Step #1: Baseline Behavior
A lot of you guys have probably been baselining people for years without even realizing it. When you spend time with people, we take note—consciously or unconsciously—of their mannerisms, their speech patters, their good and bad habits. We know, for example, that it’s hard to expect to be on time on people who are always late. We know that it’s not a good idea to dismiss it when a calm, even-tempered person raises her voice in a conversation—the person may only do so when he or she has a serious concern or disagreement, and his or her point is usually valid. We know that some friend of ours has a nervous tic that sometimes make them stutter.
We have baselined them all, so we know how they act in normal circumstances. Since you’re already familiar with how they behave when they’re not lying, it should be an easy time to spotting unusual facial, verbal, or behavioral clues they might display when they are lying. We also know that they have habits that can sometimes look like clues to deception—like the nervous tic—but that is just a part of their ordinary behavior.
Are you sick and tired of being dateless? Do you sit at home week after week while your friends are out on dates? Are you surrounded by people in relationships? It’s time to get out there and meet someone for yourself! Here are 10 tips on how to meet people:
1. Get out. You will never meet anyone if you sit at home alone. No one is coming to knock on your door to meet you. You need to get out of the house and surround yourself with other human beings if you ever hope to meet someone.
2. Practice makes perfect. If you’re shy it can seem daunting to start chatting up strangers and trying to meet someone, let alone asking someone out. Start practicing your social skills by talking to everyone. The cashier while you’re shopping, the bus driver, the lady in line behind you at the store, etc. If you make a habit of engaging strangers in conversation in low-pressure situations, you’ll get used to doing it and be a pro at it by the time you want to talk to someone that you want to meet.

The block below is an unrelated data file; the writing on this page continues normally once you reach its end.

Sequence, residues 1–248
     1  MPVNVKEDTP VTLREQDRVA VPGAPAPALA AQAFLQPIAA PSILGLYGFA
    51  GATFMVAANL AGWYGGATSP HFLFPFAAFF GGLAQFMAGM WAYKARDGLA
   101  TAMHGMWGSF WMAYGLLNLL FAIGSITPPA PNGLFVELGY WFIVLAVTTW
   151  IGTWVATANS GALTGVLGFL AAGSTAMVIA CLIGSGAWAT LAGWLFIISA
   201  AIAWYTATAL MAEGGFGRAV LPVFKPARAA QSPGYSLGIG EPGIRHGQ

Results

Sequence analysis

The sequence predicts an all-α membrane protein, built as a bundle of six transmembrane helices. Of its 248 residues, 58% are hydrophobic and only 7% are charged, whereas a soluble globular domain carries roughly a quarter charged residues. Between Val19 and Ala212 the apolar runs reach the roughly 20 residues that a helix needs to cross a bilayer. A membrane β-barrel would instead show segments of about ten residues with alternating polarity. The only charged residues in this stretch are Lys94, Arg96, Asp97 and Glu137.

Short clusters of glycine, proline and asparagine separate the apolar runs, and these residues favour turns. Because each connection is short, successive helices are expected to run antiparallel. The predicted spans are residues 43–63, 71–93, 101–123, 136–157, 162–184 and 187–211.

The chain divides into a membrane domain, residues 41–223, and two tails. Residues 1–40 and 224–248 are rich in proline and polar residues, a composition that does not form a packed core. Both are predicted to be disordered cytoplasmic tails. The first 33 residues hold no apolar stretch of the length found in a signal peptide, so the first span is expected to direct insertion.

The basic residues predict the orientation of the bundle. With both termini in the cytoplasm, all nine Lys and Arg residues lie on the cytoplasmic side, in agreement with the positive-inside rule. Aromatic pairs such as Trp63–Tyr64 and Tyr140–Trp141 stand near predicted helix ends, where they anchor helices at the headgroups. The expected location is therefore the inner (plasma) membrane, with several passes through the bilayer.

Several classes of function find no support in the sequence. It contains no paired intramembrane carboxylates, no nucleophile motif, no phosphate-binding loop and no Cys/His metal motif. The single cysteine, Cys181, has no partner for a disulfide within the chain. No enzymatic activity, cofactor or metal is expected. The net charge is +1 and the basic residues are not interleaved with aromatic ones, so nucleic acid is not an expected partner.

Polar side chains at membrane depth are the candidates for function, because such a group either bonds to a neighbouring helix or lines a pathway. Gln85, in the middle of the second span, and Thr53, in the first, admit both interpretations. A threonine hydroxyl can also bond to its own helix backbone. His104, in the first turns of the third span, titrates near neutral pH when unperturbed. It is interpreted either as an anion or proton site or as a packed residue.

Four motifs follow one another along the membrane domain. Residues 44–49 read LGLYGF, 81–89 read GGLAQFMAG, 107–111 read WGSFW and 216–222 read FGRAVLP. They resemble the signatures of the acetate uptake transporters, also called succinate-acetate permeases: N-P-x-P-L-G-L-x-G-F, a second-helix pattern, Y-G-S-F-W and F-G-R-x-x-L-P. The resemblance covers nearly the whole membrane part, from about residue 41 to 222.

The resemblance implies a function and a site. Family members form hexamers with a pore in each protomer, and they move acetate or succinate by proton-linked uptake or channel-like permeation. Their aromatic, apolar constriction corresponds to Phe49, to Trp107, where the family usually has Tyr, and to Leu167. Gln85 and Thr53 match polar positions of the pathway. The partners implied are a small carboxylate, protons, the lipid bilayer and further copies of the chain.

3. Reach out. Let your friends and acquaintances know that you’re ready to meet someone. Ask them to set you up. They know you well so they can pair you with other people that they think you’ll be a good match with.
Relationships tend to move from one stage to the next without us being aware of it. One minute you’re nervous and excited to see the other person and before you know it you’re acting like an old married couple. Here are the stages of a relationship:
1. Courtship. This is the wooing stage where you try to win each other’s affections and are trying to impress each other. You aren’t officially a couple yet and you’re both determining whether or not you like each other. The courtship phase is fun and exciting but can also be stressful and nerve-wracking as you try to impress each other and aren’t secure in knowing the other’s feelings towards you.
2. Honeymoon. The honeymoon phase takes place when you’ve settled into a relationship and have the comfort in knowing that you both like each other and want to be together, but it’s still early enough that you’re having fun and enjoying every moment together.
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